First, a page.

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<nettime> Plans for a World Forum on Communication Rights
geert lovink on Tue, 15 Jul 2003 06:38:05 +0200 (CEST)


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<nettime> Plans for a World Forum on Communication Rights


(This could be of interest for nettimers. The Forum Organizing Group has not
yet done a lot so there's still a lot of room left to shape it. If you want
to join, please contact one of the organizers. /geert)

World Forum on Communication Rights

This introduces a proposal to hold a one-day World Forum on Communication
Rights alongside the World Summit on the Information Society (WSIS) on
December 11 2003 in Geneva, Switzerland. The CRIS campaign (Communication
Rights in the Information Society: www.crisinfo.org) is launching the
initiative as a collaborative event, and is actively building a broader
partnership.

1. The Rationale

The purpose of the Forum is specific. In the context of human rights in
general, it focuses on information and communication rights issues that
surround the emergence of an information society. These are not limited to
concerns regarding the 'digital divide' and access to ICTs; but draw on a
more profound understanding of the role of information and communication in
society and current dynamics and trends. They encompass areas such as the
public domain and intellectual property rights, the public sphere and media
and communication, and the commercialisation and closure of the Internet.

The WSIS itself is constrained in the manner and depth to which such issues
can be addressed. Some countries and corporate interests have already
demonstrated their determination to prevent certain matters from reaching
the agenda. And many issues are the domain of existing international
organisations and entities, and these are reluctant to cede territory to the
WSIS. Yet it is essential that communication rights in the information
society be considered as a coherent, and interrelated, set of concerns.
Indeed, in all likelihood it is the extent to which rights are implanted and
firmly fixed within the process of creating an information society that will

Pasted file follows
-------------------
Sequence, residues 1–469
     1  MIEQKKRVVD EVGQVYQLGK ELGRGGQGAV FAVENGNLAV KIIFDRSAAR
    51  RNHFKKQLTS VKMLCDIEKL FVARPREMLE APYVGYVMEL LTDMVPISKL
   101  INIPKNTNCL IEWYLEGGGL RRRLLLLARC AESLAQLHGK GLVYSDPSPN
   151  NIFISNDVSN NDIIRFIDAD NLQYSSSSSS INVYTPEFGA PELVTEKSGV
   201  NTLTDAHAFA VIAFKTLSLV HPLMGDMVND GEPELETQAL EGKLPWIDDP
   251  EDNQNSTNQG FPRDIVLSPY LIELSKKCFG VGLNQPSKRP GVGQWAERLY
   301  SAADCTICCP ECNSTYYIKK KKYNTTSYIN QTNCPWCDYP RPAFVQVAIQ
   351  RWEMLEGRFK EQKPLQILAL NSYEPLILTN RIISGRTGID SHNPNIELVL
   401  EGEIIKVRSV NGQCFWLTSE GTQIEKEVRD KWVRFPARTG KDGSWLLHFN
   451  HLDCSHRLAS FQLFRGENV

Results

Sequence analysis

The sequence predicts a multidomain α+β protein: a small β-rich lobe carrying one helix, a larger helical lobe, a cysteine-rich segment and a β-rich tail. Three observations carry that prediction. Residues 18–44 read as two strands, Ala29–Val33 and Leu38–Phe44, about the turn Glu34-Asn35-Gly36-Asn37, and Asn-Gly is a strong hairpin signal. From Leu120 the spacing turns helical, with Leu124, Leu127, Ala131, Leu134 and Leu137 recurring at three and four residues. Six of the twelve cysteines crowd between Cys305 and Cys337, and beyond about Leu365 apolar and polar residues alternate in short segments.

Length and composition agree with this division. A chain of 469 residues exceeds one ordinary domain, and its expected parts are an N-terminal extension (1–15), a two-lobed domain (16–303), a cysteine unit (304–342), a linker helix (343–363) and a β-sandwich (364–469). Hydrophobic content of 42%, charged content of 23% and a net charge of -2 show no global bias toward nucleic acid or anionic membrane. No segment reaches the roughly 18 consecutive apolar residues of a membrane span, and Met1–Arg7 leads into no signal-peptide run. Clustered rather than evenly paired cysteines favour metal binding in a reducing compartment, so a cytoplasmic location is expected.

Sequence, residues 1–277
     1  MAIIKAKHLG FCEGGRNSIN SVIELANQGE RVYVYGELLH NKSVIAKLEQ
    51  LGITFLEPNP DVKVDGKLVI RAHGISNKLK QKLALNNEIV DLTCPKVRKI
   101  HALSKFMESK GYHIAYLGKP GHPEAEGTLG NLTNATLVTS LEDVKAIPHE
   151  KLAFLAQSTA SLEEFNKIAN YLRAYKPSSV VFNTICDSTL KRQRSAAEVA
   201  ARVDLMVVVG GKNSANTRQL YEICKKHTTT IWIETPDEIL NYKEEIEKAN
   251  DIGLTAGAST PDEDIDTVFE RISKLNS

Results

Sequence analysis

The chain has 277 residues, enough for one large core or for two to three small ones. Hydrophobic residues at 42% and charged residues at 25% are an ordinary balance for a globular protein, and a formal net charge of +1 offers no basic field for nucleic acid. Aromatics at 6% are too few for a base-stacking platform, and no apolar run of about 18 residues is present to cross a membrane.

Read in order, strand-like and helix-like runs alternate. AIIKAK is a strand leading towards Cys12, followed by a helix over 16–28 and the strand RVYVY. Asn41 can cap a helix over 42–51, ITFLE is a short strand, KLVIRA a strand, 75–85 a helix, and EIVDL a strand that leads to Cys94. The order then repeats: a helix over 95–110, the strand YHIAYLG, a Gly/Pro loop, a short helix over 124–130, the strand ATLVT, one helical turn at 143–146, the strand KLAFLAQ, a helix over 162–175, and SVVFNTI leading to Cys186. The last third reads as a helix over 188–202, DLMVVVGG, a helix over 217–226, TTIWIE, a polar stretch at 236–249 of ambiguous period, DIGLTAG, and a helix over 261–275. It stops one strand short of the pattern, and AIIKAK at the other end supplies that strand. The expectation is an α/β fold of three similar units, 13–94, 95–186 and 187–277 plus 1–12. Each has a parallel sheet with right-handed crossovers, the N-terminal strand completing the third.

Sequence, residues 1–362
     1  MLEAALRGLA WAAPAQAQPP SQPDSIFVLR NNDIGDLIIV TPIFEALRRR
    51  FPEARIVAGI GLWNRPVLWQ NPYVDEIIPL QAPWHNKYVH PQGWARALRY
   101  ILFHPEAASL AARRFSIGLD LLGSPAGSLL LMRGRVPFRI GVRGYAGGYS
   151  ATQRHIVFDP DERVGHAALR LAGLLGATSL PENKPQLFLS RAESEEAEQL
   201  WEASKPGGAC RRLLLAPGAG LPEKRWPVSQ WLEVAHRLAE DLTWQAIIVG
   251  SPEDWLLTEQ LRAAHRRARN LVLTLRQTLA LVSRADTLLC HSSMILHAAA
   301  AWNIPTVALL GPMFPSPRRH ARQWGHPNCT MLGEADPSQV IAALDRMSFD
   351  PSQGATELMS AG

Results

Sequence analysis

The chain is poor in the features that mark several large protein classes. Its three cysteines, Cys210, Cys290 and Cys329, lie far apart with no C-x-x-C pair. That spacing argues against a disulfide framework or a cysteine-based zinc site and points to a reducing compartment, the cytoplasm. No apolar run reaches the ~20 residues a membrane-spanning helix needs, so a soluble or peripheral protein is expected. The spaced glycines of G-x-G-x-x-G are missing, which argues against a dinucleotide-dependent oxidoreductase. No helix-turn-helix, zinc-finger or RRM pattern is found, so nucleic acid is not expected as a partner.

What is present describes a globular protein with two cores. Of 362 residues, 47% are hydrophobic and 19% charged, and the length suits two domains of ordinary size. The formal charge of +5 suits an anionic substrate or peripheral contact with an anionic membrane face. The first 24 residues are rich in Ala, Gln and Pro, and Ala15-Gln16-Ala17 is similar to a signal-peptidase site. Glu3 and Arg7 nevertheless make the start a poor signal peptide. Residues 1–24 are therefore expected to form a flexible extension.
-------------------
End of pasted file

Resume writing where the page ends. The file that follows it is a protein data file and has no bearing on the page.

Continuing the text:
determine which kind of information society emerges, how the benefits will
be realised, and who will reap them.

The event comprises a forum to explore these and to do something about them.
It traces its lineage (as does the CRIS campaign itself) not through the
WSIS process per se, but in the mobilisation of civil society in recent
years around global human rights, communication and
development issues.

2. Goals

The outcomes of the Forum are expected to be threefold:

A. A Portrayal of Communication Rights Globally: To explore and define the
dimensions of information and communication rights that must underpin any
claim of an information society to enrich the lives of all people, by
portraying the denial of these rights in different contexts using concrete
examples and analyses, and demonstrating novel examples
of such rights being secured.

B. A 'Declaration on Communication Rights in the Information
Society': To formulate together and agree a succinct statement, in
comprehensible language, that:

Notes existing human rights relating to information and communication;  Sets
down the conditions and environment necessary for people to exercise
these, in practice;  Explores obstacles to achieving such an environment,
identifying priority areas for intervention.

C. A Set of Actions: To engage multi-partner participation in a set of
voluntary collaborative actions to implement such rights in a manner
meaningful to people in their everyday lives, and to define appropriate
follow-up. These will comprise targeted actions, each contributing to
communication rights in the context of the information society, and that in
practice are beyond the scope of the WSIS Summit. They might include for
instance alternatives to intellectual property rights, promotion of open
source software, innovation in governance and regulation, grass-roots
technologies, or new fund-raising mechanisms.

3. Modalities

The Forum is an open event. It welcomes those among civil society,
activists, NGOs, agencies, governments, intergovernmental organisations and
the private sector who accept the need to address communication rights in
the information society and who want to work together to achieve these
goals. It will have a duration of one day, and will take place alongside the
first WSIS Summit in December 2003 in Palexpo. The provisional date is
December the 11th, mid way through the three day Summit.

4. Link to Other Events

Links will be established with other events surrounding the WSIS, held
within Palexpo as well as externally bringing together grass-roots and
community activists and organisations. An important aspect of the Forum
will be to build bridges between these and others within the WSIS as a
whole seeking to cooperate on rights issues, and to bring forward
radical but realistic proposals for action.

CRIS will also work  with others to organise workshops, seminars or other